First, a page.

September 1, 2006
WASHINGTON -- NASA chose Lockheed Martin yesterday to build the spacecraft they hope will return Americans to the moon and take future explorers to Mars. Under a contract that could total $8.15 billion, the aerospace giant will develop a capsule-shaped vehicle similar in appearance to the one that took an earlier generation of astronauts to the moon during Apollo. NASA hopes to use the vehicle, named Orion, to get back to the moon by 2020 and then set sail for Mars. "Space is no longer going to be a destination that we visit briefly," said Scott J. Horowitz, associate administrator of NASA's exploration systems mission directorate.
August 2, 2006
On July 29, 2006, WILLIAM H. REIBER, SR., beloved husband of the late Isabel F. Reiber; loving father of William H. Reiber, Jr., Stella Brown, Clyde Reiber, Barbara L. Karayinopulos and the late Frank Reiber, George "Butch" Reiber, Frances A. Clifford and John Reiber; dear father-in-law of Pat Reiber, Roger Brown, Debbie Reiber, Patricia Reiber, Christopher Clifford, Steven Karayinopulos and Heather Seaman; cherished grandfather of 20 grandchildren and...
June 15, 2006
On June 6, 2006, MICHAEL IRA COHEN father of Eric J. Cohen, grandfather of Mikayla Danielle Cohen, brother of Barry R. Cohen and his wife Lexie of Weston, FL. Son of the late Bertha and Charles Cohen. Family at home, 1656 Orion Lane, FL., 33327.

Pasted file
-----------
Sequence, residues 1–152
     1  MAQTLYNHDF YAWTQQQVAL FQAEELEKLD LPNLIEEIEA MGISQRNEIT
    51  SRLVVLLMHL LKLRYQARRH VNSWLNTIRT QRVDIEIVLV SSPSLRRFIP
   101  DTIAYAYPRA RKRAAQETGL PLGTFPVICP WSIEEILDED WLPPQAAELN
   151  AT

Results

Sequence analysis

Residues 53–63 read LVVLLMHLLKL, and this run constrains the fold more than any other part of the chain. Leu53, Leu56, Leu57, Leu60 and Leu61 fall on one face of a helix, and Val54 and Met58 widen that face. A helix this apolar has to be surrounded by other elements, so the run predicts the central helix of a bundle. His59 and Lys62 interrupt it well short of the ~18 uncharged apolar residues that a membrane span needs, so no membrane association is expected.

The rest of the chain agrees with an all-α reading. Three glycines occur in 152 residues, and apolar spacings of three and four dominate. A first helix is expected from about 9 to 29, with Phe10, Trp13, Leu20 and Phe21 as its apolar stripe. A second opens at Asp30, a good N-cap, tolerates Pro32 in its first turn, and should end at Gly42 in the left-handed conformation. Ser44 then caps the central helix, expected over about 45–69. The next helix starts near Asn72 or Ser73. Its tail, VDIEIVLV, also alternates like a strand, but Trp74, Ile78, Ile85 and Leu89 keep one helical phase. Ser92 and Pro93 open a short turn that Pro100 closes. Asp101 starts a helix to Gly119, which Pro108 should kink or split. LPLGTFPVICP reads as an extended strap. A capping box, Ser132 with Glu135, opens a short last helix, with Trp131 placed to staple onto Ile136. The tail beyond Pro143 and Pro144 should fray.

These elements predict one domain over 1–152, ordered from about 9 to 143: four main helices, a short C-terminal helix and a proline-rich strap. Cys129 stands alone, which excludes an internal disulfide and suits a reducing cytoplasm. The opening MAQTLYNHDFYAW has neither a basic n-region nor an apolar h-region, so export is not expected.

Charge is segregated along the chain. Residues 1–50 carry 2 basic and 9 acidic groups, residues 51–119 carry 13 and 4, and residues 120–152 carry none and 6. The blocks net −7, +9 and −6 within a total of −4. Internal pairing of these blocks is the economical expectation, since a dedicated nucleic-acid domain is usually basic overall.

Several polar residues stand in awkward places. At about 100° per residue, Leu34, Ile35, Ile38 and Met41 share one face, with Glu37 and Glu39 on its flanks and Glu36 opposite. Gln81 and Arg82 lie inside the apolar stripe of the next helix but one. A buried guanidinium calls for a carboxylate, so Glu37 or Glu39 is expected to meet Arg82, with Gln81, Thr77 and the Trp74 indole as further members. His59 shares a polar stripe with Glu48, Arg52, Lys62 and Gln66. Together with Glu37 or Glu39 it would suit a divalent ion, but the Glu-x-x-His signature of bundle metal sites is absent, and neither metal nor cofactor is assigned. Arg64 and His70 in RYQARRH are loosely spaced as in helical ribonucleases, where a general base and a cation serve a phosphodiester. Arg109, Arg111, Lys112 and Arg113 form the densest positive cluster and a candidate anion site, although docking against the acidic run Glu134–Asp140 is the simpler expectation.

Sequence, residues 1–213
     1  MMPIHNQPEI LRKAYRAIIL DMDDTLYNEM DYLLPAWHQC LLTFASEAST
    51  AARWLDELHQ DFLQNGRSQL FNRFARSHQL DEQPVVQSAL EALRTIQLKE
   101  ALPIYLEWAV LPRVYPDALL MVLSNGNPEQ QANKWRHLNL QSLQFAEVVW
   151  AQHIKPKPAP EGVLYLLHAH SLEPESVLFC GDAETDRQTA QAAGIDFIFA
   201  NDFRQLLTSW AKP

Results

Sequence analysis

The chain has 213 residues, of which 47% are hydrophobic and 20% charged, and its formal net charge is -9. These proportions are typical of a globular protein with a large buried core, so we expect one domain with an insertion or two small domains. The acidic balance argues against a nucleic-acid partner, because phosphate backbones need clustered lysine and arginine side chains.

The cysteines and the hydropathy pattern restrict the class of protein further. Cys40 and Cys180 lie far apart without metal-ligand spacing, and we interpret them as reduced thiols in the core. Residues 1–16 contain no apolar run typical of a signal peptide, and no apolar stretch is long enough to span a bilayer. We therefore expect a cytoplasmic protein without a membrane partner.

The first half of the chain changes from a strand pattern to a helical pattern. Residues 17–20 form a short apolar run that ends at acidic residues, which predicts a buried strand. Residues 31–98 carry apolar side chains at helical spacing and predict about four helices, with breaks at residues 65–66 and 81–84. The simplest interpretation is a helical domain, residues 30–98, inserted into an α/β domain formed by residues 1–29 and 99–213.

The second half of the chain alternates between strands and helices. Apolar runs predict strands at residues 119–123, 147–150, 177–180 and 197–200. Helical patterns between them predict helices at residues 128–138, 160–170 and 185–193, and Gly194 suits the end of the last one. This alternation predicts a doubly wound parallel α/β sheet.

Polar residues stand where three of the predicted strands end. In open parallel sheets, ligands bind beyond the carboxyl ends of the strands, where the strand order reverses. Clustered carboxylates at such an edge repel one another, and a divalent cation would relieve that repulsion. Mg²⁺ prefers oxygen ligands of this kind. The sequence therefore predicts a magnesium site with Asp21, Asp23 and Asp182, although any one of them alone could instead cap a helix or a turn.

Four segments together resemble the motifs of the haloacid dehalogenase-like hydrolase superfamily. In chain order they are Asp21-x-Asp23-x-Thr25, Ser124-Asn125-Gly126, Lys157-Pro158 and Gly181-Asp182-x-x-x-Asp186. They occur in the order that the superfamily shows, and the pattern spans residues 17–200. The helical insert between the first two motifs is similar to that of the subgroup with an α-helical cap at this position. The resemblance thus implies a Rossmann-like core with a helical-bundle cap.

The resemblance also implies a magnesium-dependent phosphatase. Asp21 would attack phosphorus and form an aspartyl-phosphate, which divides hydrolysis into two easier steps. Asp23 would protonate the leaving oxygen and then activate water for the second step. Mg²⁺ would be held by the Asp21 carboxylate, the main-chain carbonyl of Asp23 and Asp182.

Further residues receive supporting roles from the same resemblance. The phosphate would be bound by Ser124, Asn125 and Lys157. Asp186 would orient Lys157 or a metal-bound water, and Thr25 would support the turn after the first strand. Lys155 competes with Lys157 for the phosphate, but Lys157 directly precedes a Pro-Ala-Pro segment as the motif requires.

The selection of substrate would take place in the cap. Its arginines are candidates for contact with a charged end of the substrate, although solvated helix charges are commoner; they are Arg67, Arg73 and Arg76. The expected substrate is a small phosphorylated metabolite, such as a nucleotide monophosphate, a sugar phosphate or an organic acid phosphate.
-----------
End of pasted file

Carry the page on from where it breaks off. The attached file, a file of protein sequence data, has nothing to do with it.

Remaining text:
April 5, 2005
In The Region NeighborCare suitor, Omnicare, provides data to regulators Omnicare Inc., the Kentucky company making a hostile take-over bid for Baltimore-based NeighborCare Inc., said yesterday that it had completed sending information about the proposed deal to federal antitrust regulators. Omnicare said it has agreed with the Federal Trade Commission that it will not attempt to complete the deal for at least 55 days. A thumbs-down from the regulators would scuttle the deal. If the regulators find the combination would not violate antitrust rules, Omnicare still has to persuade NeighborCare's board, which has resisted the $30-a-share bid for a year so far, or 80 percent of its shareholders.
October 14, 2004
Columbia's 2004-2005 concert season begins next weekend, not with a trickle but with a deluge. The Columbia Orchestra, Howard County's premier ensemble for instrumental music, takes the Rouse Theatre stage at 7:30 p.m. Oct. 23. Works by Beethoven, Berlioz and 20th- century master Paul Hindemith will be on the program that will be led by Jason Love, the ensemble's conductor. Anchoring the concert will be classical music's ultimate drug trip gone bad, Berlioz's phantasmagoric Symphonie Fantastique.
July 29, 2004
It goes without saying that you can't please everybody, but that doesn't stop Columbia's Candlelight Concert Society from trying. Indeed, the society's 2004-05 concert season - the 32nd chamber music series it has offered the public since its inception - is full of diverse offerings that should leave music lovers of all stripes engaged and edified. To begin with, there are the "meat and potatoes" of the chamber repertoire, masterworks that embody the genius of the Western musical tradition at its most inspired.